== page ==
infrared light;
near infrared light.
17. An array of transducers as in claim 9 additionally comprising: wherein the heater includes a resonance chamber through which the sound signals pass before reaching the membrane.
18. A method for detecting sound signals comprising:
generating first light signals that pass through a membrane of a bubble within a trench, the sound signals causing deformations within the membrane of the bubble;
reflecting the first light signals afier the first light signals have passed through the membrane and a substrate;
detecting the first light signals afier the first light signals have passed through the substrate and the membrane prior to the reflecting; and,
reconstructing the sound signals from the first light signals detected by the optical detector.
19. A method as in claim 18 wherein second light signals are transmitted through sidewalls of the trench.
20. A method as in claim 18 wherein the first light signals are transmitted through a bottom of the trench.
Description
BACKGROUND

The present invention concerns transducers and pertains particularly to a fluidic acoustic transducer.

Acoustic transducers are used to translate sound into electrical signals. In many fields in which transducers are used, such as in the field of communications, it is desirable to shrink the physical size of transducers while maintaining high sensitivity in selected sound ranges.

SUMMARY OF THE INVENTION

In accordance with the preferred embodiment, sound signals are detected. Light signals are generated that pass through a membrane of a bubble within a trench. The sound signals cause deformations within the membrane of the bubble. The light signals are detected after the light signals have passed through the membrane. The sound signals are reconstructed from the light signals detected by the optical detector.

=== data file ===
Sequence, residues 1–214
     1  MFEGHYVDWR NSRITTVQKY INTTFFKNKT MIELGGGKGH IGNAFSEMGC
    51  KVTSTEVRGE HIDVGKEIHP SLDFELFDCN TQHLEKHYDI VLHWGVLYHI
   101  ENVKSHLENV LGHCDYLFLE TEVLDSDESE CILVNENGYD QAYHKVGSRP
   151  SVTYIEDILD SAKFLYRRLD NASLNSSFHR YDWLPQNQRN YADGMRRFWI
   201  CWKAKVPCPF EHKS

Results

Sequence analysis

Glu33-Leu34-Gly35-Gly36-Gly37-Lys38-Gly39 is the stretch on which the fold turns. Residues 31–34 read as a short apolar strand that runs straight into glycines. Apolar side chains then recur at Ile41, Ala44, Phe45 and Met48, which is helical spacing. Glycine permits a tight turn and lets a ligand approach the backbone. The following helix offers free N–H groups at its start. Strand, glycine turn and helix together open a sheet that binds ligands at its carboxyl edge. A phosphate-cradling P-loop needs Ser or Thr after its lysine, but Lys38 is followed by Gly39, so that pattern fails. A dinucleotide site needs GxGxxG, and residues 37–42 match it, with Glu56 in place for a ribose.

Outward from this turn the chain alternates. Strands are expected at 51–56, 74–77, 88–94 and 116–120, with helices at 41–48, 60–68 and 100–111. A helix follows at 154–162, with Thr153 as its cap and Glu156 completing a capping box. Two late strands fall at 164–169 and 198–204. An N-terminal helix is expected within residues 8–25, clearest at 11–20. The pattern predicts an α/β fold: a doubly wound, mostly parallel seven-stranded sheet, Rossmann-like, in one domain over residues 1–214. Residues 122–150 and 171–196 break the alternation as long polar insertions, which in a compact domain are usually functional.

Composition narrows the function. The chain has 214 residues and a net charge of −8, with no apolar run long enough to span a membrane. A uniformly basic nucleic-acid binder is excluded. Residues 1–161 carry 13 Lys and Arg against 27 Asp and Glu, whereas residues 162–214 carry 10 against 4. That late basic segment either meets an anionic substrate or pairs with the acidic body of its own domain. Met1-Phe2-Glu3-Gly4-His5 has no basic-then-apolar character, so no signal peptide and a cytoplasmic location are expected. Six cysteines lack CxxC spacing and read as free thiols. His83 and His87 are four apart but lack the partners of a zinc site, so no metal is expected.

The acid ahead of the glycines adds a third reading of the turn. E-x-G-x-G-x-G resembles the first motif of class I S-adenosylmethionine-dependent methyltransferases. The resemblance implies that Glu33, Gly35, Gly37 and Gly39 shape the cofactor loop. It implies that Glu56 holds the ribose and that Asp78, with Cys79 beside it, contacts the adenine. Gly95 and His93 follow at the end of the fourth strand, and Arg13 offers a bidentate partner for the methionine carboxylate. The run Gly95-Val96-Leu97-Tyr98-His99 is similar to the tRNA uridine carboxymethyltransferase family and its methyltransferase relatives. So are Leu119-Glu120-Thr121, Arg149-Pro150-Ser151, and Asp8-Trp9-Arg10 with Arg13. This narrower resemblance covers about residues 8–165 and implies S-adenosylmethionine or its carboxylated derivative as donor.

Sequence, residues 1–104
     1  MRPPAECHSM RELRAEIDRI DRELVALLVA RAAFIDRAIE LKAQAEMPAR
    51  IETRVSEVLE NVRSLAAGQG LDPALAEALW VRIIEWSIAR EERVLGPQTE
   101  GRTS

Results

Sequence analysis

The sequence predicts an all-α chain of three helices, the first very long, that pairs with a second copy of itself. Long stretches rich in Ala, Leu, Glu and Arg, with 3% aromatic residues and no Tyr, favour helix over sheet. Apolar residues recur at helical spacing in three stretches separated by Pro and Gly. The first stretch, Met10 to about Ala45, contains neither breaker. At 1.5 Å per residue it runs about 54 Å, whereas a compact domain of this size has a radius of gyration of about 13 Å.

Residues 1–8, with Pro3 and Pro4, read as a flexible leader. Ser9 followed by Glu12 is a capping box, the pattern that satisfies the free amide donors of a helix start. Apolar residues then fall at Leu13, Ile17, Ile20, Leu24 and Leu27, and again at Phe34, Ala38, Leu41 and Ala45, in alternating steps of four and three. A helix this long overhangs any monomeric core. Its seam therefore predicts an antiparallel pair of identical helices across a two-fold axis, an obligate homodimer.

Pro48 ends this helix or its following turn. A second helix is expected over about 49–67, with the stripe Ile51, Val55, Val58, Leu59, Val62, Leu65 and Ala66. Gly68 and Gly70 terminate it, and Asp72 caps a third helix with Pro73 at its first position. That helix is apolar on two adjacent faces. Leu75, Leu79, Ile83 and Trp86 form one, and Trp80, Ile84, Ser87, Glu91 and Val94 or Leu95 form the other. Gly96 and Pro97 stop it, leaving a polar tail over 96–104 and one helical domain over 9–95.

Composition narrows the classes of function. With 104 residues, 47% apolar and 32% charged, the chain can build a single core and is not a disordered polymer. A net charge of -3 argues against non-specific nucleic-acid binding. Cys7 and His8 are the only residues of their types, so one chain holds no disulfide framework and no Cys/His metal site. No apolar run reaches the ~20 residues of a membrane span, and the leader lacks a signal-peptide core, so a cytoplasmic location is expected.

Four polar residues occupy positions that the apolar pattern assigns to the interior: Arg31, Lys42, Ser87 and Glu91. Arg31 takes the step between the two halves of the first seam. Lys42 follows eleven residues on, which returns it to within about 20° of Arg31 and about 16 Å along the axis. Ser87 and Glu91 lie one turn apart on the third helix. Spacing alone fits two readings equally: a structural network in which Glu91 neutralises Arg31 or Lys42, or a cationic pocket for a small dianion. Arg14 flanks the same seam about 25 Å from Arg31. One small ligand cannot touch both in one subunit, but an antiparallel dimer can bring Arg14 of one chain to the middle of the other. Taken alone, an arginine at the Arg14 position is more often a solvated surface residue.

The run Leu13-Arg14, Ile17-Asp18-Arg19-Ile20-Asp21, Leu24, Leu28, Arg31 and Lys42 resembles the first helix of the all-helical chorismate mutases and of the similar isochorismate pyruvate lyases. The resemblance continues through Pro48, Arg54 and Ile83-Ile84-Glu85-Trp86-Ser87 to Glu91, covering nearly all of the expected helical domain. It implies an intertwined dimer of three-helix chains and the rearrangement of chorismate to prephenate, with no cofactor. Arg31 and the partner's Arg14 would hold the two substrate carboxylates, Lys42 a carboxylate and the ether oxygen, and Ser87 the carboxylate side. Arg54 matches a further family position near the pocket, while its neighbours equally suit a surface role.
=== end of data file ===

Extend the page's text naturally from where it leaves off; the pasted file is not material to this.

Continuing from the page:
BRIEF DESCRIPTION OF THE DRAWINGS

FIG. 1 shows a fluidic acoustic transducer in which sidewall detection is used in accordance with a preferred embodiment of the present invention.

FIG. 2 is a simplified block diagram of circuitry used with an array of transducers in accordance with another preferred embodiment of the present invention.

FIG. 3 shows a graph of a reflected optical signal as related to heater power in accordance with a preferred embodiment of the present invention.

FIG. 4 shows a fluidic acoustic transducer in which bottom up and sidewall detection are used in accordance with another preferred embodiment of the present invention.

FIG. 5 shows a fluidic acoustic transducer in which bottom up and side wall detection are used in accordance with another preferred embodiment of the present invention.

FIG. 6 shows a fluidic acoustic transducer with acoustic amplification in accordance with another preferred embodiment of the present invention.

FIG. 7 shows a fluidic acoustic transducer with acoustic amplification in accordance with another preferred embodiment of the present invention.

FIG. 8 shows a fluidic acoustic transducer with acoustic amplification in accordance with another preferred embodiment of the present invention.

FIG. 9 shows a fluidic acoustic transducer with acoustic amplification in accordance with another preferred embodiment of the present invention.

DESCRIPTION OF THE PREFERRED EMBODIMENT

FIG. 1 shows a fluidic acoustic transducer in which sidewall detection is used. A substrate 11 is, for example, composed of silicon. Alternatively, substrate 11 is another material such as silicon dioxide (SiO2), Si3N4, SiC, silicon on sapphire (SOS), silicon on insulator (SOI), silicon on another type of material, quartz, etc.

On top of substrate 11, a layer 12 of SiO2 material is formed. Within layer 12 of SiO2 material a heater array is formed. The heater array is arranged such that each transducer has either two side heaters or one central heater and two side heaters. Shown in FIG. 1 are side heater 17, side heater 19 and central heater 18.